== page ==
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Can the Internet bring knowledge to the precollege classroom? Interestingly, the answer is probably no. Surprised? Probably not, if you consider the differences between knowledge and information.
Clearly, there is an enormous amount and variety of information available
on the Internet. It comes to account holders in many different forms: as
text, pictures, video clips, sound files, and software, and via several
different information exchange formats: Gopher, World-Wide Web,
electronic mail, conferencing, realtime interaction, and direct file transfer.
But is this knowledge? Many, like
Taylor & Swartz (1991) would say "no."
To these scholars, knowledge is the result of the process of knowing,
which can only occur as the learner actively constructs what s/he knows,
using information in this process. Larsen
(cited in Fox, 1991) declares that
the confusion between knowledge and information
is perhaps one of the most serious and widespread mistakes in the current use of information technology, and it leads to the attitude that giving students information is identical to giving them knowledge. (p. 224)
Larsen says that knowledge results when an individual personally transforms information. Knowledge is private, while information is public. Knowledge, therefore, cannot be communicated; only information can be shared. Whenever an attempt to communicate knowledge is made, it is translated into information, which other learners can choose to absorb and transform into knowledge, if they so desire.
This distinction, although it may strike you as purely semantic at first, is important to consider when deciding how to structure curriculum-based educational telecomputing activities. Some of the most motivating and successful activity structures are those that encourage students to collect and share information...and then use it to actively create higher-order ideas.
In this month's column, five different types of information collections, or educational telecomputing activities that help students to collect, organize, and share intrinsically interesting information, will be presented. This article is the second in a three-part series that features examples of three different general classes of educational telecomputing activities: interpersonal exchanges (March 1995 TCT), information collections (this month), and problem solving projects (next month). Each genre of educational telecomputing activities includes five, six or seven different activity structures, and each structure is presented with at least one example activity that has been classroom-tested and shared by telecomputing teachers.
It is my hope that by providing you with activity structures, rather than a potpourri of lesson plans, you will be empowered to design effective educational telecomputing experiences for your students that are curricularly-based and adapted to suit their particular learning needs and preferences. This idea (and earlier versions of these activity classes and structures) was first presented in the May 1993 "Mining the Internet" column, then expanded in the February, March, and April 1994 "Mining" columns in The Computing Teacher. The following structures and examples are intended to serve as an update to that earlier work.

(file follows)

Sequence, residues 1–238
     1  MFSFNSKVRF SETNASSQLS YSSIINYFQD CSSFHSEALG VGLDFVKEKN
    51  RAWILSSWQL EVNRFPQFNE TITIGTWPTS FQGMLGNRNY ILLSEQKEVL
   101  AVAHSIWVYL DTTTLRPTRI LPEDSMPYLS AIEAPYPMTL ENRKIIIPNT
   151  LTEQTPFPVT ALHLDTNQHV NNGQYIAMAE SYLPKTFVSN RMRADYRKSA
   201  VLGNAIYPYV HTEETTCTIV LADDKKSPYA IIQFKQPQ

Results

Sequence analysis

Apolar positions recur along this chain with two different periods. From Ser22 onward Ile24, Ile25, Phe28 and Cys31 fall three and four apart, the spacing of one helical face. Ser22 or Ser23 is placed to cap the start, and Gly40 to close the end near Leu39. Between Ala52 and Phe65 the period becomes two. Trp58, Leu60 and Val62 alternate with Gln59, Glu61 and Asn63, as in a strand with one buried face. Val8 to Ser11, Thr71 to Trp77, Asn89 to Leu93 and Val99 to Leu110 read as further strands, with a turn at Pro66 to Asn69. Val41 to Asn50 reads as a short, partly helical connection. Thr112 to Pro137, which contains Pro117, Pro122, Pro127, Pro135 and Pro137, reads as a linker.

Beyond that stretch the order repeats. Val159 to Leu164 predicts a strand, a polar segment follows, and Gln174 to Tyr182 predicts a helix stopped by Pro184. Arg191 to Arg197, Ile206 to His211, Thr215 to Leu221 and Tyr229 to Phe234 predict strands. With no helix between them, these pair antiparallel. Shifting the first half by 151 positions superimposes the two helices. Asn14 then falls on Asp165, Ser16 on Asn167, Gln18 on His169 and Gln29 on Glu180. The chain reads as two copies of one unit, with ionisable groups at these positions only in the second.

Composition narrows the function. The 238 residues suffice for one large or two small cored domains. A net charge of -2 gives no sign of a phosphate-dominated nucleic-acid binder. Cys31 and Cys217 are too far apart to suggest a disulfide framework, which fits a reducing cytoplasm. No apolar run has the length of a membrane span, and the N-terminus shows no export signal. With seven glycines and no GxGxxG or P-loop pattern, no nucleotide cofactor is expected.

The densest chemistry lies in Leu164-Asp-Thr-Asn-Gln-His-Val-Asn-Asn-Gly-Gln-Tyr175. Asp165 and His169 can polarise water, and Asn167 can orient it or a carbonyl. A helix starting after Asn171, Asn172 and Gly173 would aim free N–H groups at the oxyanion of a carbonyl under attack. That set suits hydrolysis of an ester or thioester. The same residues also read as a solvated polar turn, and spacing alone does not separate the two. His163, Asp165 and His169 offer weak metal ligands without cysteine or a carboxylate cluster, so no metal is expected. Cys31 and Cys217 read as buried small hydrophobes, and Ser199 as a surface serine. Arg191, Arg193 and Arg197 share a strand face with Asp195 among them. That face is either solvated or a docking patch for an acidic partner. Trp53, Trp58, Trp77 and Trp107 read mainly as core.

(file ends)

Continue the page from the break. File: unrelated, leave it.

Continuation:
There are many examples of thematically-related information exchange that have been presented as popular telecomputing activities. Students and their teachers from around the globe have collected, shared and discussed, for example:
This type of activity can involve many classes without becoming an overwhelming management task for teachers, and is a particularly powerful application of telecomputing tools because students become both creators and consumers of the information that they are sharing. Projects like these typically begin with a call for participation that is posted by a classroom teacher, such as this message, offered by "Internet angel" Patti Weeg:
From: "Patricia A. Weeg" <email@example.com> Subject: *Multi-Cultural Calendar: 'Valentine' namesSometimes students initiate information collection projects, too. These two young men, who are from two different countries, initiated an international project about flags by saying:
*********************** Loving Names *********************** The Salisbury KIDCLUB kids searched for names of places that capture the 'Valentine' spirit. Please add any other names of cities, towns, mountains, etc. We know there must be similar names in other countries but we just can't recognize them... You'll translate them for us?
Many thanks! ----------------------------------------------------------- Here's their list:
Darling Range Mts. Australia Darlington, England Darlington, South Carolina Friend, Nebraska Friendship, New York Heart's Content, Newfoundland Heart's Delight, Newfoundland Honey Brooke, Pennsylvania Honeygrove, Texas Kissimmee, Florida Love, Oklahoma Lovejoy, Illinois Loveland, Colorado Loveland, Ohio Lovelock, Nevada Lovely, Kentucky Loving, Texas Lovington, Illinois Valentine, Nebraska
Kristi, Kelli, Hickory, Maggie, Mickey, Karen, and Nada -------------------------------------------------------
|~ -=+ KIDPROJ FLAGS PROJECT '95 +=- |~Sharing information that is intrinsically interesting to children on an international scale is an excellent way to engage students in authentic cultural exchange.
We (Andraz and I) would like to organize a project. A project about flags. We are asking 'kids' to send us a 'drawing' of their flag and also a description... What do the colors mean, and maybe some history... Please DRAW your flag, because 'scanned' pictures are very big, and when we get a lot... then the hard drive will get too full :) Please sent your drawn flag with a description to:
Andraz - firstname.lastname@example.org Robbert - email@example.com